She entered the room very gently, and found him standing by the table, with his hands clasped together. "Sweetheart!" he said, as soon as he saw her, calling her by a name which he used to use when they were out in the fields together in Cumberland.

"Daniel!" Then he came to her and took her hand. "If you have anything to say, Daniel, you must be very quick, because mamma will come in ten minutes."

"Have you anything to say, sweetheart?" She had much to say if she only knew how to say it; but she was silent. "Do you love me, Anna?" Still she was silent. "If you have ceased to love me, pray tell me so,—in all honesty." But yet she was silent. "If you are true to me,—as I am to you, with all my heart,—will you not tell me so?"

"Yes," she murmured.

He heard her, though no other could have done so.

"A lover's ears will hear the lowest sound When the suspicious head of theft is stopped."

"If so," said he, again taking her hand, "this story they have told me is untrue."

"What story, Daniel?" But she withdrew her hand quickly as she asked him.

"Nay;—it is mine; it shall be mine if you love me, dear. I will tell you what story. They have said that you love your cousin, Earl Lovel."

"No;" said she scornfully, "I have never said so. It is not true."

"You cannot love us both." His eye was fixed upon hers, that eye to which in past years she had been accustomed to look for guidance, sometimes in joy and sometimes in fear, and which she had always obeyed. "Is not that true?"

"Oh yes;—that is true of course."

"You have never told him that you loved him."

"Oh, never."

"But you have told me so,—more than once; eh, sweetheart?"


"And it was true?"

She paused a moment, and then gave him the same answer, "Yes."

"And it is still true?"

She repeated the word a third time. "Yes." But she again so spoke that none but a lover's ear could have heard it.

"If it be so, nothing but the hand of God shall separate us. You know that they sent for me to come here." She nodded her head. "Do you know why? In order that I might abandon my claim to your hand. I will never give it up. But I made them a promise, and I will keep it. I told them that if you preferred Lord Lovel to me, I would at once make you free of your promise,—that I would offer to you such freedom, if it would be freedom. I do offer it to you;—or rather, Anna, I would have offered it, had you not already answered the question. How can I offer it now?" Then he paused, and stood regarding her with fixed eyes. "But there,—there; take back your word if you will. If you think that it is better to be the wife of a lord, because he is a lord, though you do not love him, than to lie upon the breast of the man you do love,—you are free from me." Now was the moment in which she must obey her mother, and satisfy her friends, and support her rank, and decide that she would be one of the noble ladies of England, if such decision were to be made at all. She looked up into his face, and thought that after all it was handsomer than that of the young Earl. He stood thus with dilated nostrils, and fire in his eyes, and his lips just parted, and his head erect,—a very man. Had she been so minded she would not have dared to take his offer. They surely had not known the man when they allowed him to have this interview. He repeated his words. "You are free if you will say so;—but you must answer me."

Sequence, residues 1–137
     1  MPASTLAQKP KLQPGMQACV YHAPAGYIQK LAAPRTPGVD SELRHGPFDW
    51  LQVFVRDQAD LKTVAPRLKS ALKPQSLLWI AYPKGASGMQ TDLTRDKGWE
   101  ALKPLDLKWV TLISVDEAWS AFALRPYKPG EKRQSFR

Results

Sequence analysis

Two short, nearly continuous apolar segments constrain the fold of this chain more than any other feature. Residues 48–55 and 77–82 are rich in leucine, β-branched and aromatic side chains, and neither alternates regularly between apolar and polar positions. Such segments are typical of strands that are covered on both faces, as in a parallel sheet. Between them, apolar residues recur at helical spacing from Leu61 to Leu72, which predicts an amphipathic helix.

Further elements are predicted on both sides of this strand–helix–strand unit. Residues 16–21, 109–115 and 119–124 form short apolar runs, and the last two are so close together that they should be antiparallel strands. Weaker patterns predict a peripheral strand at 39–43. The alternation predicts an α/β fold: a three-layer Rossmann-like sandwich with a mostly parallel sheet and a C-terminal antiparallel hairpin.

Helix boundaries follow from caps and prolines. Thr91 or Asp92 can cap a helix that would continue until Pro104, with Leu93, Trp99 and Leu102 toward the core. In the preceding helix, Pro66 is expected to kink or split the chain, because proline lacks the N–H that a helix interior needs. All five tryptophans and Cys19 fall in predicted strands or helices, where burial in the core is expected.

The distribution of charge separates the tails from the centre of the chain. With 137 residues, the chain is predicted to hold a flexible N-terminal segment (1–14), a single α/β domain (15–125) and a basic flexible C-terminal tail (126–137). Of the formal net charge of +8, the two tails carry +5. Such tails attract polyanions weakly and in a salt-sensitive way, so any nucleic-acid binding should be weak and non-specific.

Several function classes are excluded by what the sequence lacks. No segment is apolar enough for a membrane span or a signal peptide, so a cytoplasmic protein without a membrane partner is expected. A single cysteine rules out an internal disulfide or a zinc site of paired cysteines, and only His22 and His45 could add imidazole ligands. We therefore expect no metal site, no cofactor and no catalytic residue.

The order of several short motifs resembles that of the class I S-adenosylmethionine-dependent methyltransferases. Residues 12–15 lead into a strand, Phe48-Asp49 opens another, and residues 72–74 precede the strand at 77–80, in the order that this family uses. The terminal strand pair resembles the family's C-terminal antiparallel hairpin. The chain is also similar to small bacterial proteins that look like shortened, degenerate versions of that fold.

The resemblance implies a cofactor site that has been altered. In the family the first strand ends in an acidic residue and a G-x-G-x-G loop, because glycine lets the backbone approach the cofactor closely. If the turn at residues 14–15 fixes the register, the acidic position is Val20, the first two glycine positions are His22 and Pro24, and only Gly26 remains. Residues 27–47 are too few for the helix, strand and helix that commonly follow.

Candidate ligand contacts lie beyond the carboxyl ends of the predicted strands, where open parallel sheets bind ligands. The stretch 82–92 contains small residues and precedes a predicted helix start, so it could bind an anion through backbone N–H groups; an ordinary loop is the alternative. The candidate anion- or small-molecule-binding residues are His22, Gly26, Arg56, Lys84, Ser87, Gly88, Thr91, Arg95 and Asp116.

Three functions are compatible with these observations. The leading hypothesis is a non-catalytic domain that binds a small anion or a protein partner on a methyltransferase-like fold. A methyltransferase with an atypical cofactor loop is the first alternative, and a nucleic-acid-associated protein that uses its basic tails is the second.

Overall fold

"I did answer you, Daniel."

"My noble girl! And now, my heart's only treasure, I may speak out and tell you what I think. It cannot be good that a woman should purchase rank and wealth by giving herself to a man she does not love. It must be bad,—monstrously bad. I never believed it when they told it me of you. And yet when I did not hear of you or see you for months—"

"It was not my fault."